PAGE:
Baker Act remedies remain elusive
Before I get into what I really want to discuss, two quick items from Tuesday’s county commission meeting:
1. The Betz Farm buyer gets another 90 days to secure a conditional Swiftmud permit before closing on the property. We’re crossing our $6.6 million fingers he gets that permit.
2. Commissioner Diana Finegan’s application to vacate a portion of her street was delayed at the Finegans’ request so they can provide a letter from the neighbor that he’s OK with the plan.
Now, let’s talk about the Baker Act.
A Baker Act facility has been in the county’s sights for six years, ever since LifeStream Behavioral Services took over as the provider of mental health and addiction services in Citrus.
The original plan was to build this Baker Act center in Lecanto on the county jail property with the new animal shelter. Along the way, LifeStream bought the former Centers property just down County Road 491 and said that’s where the Baker Act facility would be built. LifeStream is the property owner, not the county.
Hernando County is willing to put up $2 million for services. Citrus County has also talked about $2 million. Lifestream is in the process of designing the building, which it is paying for.
The Citrus County Hospital Board was planning to help with all that but won’t unless the county owns the property, not Lifestream.
That led us to Tuesday, where Commissioner Jeff Kinnard was looking for board support to officially commit $2 million.
— Kinnard’s point: We’ve been talking about this Baker Act facility for six years. LifeStream is ready to start building but wants to see that Citrus is truly all in.
“This has been talked about and talked about and talked about to death,” he said.
— Hospital board attorney Bill Grant provided his client’s take on the situation. He wouldn’t say how much the hospital board was willing to give but said it was “seven figures” and at least what Citrus and Hernando counties were giving. In other words, $2 million to $9 million. (Again, keep in mind the hospital board only participates if this is a county project, not LifeStream.)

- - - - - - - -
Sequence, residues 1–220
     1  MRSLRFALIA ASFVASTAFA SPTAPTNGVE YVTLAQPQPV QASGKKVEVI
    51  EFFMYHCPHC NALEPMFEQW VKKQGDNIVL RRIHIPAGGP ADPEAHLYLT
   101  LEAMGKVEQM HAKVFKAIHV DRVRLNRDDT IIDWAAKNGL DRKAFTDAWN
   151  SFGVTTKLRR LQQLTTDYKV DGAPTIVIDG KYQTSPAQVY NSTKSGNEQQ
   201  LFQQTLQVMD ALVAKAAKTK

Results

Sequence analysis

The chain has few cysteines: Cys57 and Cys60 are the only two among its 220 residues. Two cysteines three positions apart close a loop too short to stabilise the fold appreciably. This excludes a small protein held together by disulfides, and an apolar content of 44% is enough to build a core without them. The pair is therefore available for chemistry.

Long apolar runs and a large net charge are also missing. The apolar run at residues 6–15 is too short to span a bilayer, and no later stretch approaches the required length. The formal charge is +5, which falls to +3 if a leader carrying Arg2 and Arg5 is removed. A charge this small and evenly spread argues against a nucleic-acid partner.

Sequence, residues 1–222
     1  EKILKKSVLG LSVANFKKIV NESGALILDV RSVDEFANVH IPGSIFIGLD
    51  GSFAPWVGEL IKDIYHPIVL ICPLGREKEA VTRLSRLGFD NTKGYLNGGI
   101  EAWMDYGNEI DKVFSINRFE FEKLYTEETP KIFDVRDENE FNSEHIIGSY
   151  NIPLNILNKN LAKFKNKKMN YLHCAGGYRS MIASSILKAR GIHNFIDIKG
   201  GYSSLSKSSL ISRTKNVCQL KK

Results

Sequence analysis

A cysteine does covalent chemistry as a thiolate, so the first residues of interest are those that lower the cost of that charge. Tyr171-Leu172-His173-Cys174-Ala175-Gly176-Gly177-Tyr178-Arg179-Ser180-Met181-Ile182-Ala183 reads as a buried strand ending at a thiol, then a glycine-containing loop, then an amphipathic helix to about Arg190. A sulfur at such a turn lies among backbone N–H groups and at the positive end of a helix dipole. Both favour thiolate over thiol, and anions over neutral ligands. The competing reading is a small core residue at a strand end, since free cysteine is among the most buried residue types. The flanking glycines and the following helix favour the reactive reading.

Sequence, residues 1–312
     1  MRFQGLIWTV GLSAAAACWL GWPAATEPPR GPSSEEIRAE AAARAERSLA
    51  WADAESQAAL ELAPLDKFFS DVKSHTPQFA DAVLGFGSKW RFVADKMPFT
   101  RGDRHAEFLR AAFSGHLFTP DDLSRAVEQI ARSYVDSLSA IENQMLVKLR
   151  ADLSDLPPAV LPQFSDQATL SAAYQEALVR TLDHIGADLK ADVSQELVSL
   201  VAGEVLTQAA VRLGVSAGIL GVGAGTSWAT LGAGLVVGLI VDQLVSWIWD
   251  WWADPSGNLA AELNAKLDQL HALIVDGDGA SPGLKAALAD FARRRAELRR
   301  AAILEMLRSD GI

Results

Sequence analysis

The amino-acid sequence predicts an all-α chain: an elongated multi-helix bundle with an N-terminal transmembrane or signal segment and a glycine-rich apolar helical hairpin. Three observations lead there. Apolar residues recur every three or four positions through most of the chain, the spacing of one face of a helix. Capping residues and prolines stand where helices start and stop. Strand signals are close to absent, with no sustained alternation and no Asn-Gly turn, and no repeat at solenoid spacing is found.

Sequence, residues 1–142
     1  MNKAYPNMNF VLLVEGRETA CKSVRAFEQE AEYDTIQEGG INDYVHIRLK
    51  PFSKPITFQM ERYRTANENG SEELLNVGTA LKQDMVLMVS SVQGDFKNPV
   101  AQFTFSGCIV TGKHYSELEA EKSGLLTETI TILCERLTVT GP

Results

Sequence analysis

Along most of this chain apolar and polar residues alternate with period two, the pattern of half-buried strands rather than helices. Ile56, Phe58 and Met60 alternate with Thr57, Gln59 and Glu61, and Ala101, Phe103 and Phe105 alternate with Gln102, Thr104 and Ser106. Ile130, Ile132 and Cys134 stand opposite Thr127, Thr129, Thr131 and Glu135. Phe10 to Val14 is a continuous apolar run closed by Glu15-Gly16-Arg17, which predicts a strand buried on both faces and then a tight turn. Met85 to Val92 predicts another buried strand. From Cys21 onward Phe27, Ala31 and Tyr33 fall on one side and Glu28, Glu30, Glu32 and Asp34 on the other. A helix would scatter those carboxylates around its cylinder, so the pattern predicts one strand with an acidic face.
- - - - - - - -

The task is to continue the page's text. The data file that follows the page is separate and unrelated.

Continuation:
Commissioners Holly Davis and Rebecca Bays said the county should give that idea more thought.
— Bays was, actually, much more adamant about the whole thing. She believes the county should own the facility, that it should be a campus to provide post-Baker Act services and that Citrus County in general needs a community discussion on what this facility should look like.
She was also somewhat down on LifeStream’s motives.
“There’s a lot of money to be made, let’s be clear,” she said. “Follow the money!”
— Commissioner Diana Finegan was with Kinnard that it was time to move forward. I’m noticing something about Finegan: Just as she promised on the campaign trail, Finegan is tenacious about contracts.
— Chairman Ruthie Davis Schlabach was a “no” and for good reason: What’s the sudden hurry? Always a red flag. ALWAYS. She’s been trying to get info about contract performance from LifeStream and is getting stonewalled.
— Of course, during all this I’m sitting in the back of the room with my brain screaming, “Why don’t you get LifeStream here to answer these questions?!”
That’s when the county attorney mentions that, hey, LifeStream will be here March 14 to answer questions. Turns out that was already set up. Wish someone would have mentioned it at the start of the debate.
— It was 3-2 to bring a $2 million contract back for a final vote in March. Kinnard, Finegan and Davis were on the winning side, though I’d say it’s far from certain this is a done deal.
I understand Kinnard’s frustration. This has dragged for years. But is it fair to force a vote on commissioners who have realistic concerns?
There is a lot at stake. It’s a significant move for Citrus County. Another month to make sure it makes sense won’t hurt.
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Mike Wright has written about Citrus County government and politics for 35 years.